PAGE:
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Fred Meintjes

BY FRED MEINTJES

Mixed Sharon fruit season winds down

The South African Sharon fruit season did not live up to its early promise

Mixed Sharon fruit season winds down

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The 2019 South African Sharon fruit season is winding down and although there have been many highlights, the season’s early promise was not quite fulfilled.

In the end around 2,500 tonnes were exported and around 200 tonnes sold in the local market. The early crop estimations were for 3,500 exported tonnes out of total crop of 5,000 tonnes.

“In celebrating our 21st year in South Africa we did have a solid but not spectacular export programme,” said Hein Smal of Mor International in South Africa. “In the local market we saw strong demand and had very successful market days in the north of the country, which suggests a good future for Sharon fruit in South Africa.”

While the industry relies much on export markets, it has also seen major success in local market development programmes over the past decade or so.

“More and more it is a new exotic product that fills a niche in the South African market at the end of the berry season when consumers are looking for new exotic offers," explained Meir Ben-Artzy, chairman of Mor International explained. "Sharon fruit fits this profile because of its inherent sweetness and accepted health-giving qualities.”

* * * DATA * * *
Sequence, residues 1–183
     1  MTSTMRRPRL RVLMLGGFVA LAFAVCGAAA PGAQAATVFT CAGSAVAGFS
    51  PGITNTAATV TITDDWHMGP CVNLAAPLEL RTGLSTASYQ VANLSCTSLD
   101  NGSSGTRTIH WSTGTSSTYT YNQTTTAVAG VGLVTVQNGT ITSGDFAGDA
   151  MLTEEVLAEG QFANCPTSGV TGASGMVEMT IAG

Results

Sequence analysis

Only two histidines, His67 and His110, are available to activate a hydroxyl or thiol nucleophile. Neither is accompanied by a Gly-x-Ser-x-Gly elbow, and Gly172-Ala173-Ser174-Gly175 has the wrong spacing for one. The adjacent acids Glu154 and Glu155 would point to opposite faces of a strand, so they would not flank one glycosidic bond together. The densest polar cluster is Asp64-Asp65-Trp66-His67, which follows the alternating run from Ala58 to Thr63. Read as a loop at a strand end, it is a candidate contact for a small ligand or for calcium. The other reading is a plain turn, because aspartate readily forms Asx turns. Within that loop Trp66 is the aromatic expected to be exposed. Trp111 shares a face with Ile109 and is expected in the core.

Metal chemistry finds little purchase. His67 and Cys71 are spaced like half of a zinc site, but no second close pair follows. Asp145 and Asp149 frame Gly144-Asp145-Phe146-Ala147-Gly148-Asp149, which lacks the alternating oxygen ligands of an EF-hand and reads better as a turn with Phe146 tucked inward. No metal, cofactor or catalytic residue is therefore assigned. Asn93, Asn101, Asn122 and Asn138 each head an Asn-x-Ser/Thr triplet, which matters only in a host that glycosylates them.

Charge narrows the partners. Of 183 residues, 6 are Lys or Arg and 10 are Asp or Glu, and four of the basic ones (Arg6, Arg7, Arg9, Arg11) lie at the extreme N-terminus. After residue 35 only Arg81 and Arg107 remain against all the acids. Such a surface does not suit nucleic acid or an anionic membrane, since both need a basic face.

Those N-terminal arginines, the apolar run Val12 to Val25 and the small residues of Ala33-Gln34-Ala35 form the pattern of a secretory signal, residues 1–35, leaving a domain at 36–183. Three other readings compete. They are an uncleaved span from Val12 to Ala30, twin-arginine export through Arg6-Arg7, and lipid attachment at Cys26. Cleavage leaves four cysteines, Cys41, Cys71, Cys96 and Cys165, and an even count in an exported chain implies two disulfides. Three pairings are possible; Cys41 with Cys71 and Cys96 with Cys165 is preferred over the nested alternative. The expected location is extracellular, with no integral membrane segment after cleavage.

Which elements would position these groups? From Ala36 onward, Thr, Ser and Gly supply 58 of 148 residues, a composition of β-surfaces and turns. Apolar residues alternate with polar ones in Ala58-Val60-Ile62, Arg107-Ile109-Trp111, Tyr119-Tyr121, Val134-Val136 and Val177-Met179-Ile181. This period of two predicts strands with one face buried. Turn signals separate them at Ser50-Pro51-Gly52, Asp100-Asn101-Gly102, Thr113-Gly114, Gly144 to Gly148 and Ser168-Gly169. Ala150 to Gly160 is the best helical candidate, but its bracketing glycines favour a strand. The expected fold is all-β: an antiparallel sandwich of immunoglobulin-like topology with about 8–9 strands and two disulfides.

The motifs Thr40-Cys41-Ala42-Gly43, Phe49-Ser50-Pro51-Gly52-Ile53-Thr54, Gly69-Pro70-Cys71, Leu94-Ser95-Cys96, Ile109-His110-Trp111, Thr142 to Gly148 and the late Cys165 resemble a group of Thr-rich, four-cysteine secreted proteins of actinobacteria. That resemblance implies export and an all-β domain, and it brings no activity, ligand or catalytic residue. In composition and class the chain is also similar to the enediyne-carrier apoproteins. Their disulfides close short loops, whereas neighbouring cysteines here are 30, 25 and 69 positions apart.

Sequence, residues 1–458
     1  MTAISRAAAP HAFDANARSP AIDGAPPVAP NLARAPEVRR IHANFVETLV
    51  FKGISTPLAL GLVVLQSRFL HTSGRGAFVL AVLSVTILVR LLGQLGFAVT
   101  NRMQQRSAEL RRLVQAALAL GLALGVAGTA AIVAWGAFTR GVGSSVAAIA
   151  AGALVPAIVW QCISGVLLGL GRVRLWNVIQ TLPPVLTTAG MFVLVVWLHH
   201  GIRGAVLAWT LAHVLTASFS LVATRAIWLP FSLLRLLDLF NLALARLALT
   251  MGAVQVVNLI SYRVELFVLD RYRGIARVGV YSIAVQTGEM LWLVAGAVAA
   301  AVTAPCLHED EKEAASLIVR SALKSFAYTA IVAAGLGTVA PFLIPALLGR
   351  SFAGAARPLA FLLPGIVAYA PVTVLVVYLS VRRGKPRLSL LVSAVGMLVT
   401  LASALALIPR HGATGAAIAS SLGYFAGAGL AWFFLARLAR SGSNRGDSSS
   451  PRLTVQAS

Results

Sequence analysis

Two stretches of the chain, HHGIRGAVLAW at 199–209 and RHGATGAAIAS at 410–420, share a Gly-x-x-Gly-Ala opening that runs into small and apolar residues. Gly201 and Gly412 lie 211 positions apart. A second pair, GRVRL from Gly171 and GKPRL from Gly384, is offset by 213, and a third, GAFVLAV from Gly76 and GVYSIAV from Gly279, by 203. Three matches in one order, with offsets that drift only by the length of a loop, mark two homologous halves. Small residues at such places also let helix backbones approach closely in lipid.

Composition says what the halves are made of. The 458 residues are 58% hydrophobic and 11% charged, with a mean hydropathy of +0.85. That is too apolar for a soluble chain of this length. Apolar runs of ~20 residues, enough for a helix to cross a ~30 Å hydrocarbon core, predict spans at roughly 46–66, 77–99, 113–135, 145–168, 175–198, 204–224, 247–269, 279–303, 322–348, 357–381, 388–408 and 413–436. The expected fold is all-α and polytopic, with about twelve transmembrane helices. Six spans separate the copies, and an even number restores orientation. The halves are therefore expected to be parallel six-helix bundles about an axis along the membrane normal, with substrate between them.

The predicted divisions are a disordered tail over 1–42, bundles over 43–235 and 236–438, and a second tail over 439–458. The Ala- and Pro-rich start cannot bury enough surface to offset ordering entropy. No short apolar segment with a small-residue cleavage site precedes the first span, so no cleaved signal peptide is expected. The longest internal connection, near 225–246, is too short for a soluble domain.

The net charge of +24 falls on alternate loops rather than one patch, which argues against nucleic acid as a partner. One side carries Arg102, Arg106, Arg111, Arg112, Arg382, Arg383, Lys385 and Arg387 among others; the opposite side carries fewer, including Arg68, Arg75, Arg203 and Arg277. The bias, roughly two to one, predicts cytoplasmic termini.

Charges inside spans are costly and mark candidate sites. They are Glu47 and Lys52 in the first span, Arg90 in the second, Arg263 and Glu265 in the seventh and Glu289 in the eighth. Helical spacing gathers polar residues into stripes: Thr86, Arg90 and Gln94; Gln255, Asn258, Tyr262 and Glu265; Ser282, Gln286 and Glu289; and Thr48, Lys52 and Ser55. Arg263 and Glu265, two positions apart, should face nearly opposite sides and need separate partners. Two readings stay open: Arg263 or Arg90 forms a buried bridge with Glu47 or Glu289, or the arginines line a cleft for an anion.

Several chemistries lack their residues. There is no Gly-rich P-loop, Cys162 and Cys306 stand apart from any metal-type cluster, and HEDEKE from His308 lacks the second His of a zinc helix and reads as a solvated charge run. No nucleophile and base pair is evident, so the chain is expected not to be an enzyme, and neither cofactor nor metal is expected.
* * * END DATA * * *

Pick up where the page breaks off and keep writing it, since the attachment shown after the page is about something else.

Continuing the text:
In terms of exports, the UK and Europe again this year received the bulk of volumes, but according to Ben-Artzy, exciting progress has also been made in the Far East, Middle East and Canada.

“After 21 years we are now consolidated as an industry and with yields improving we look forward to an exciting future,” he said. “We are constantly working with growers to improve their yields and techniques and we expect steady progress in the future.”

One of the challenges that the local Sharon fruit industry faces is that it has a relatively short season.

“Every year we start a new game at the beginning of April and conclude our sales by end June or early July. Judging though from the excitement from consumers we encounter every year at the start and throughout our season, there is a good future for our fruit,” added Smal.
 

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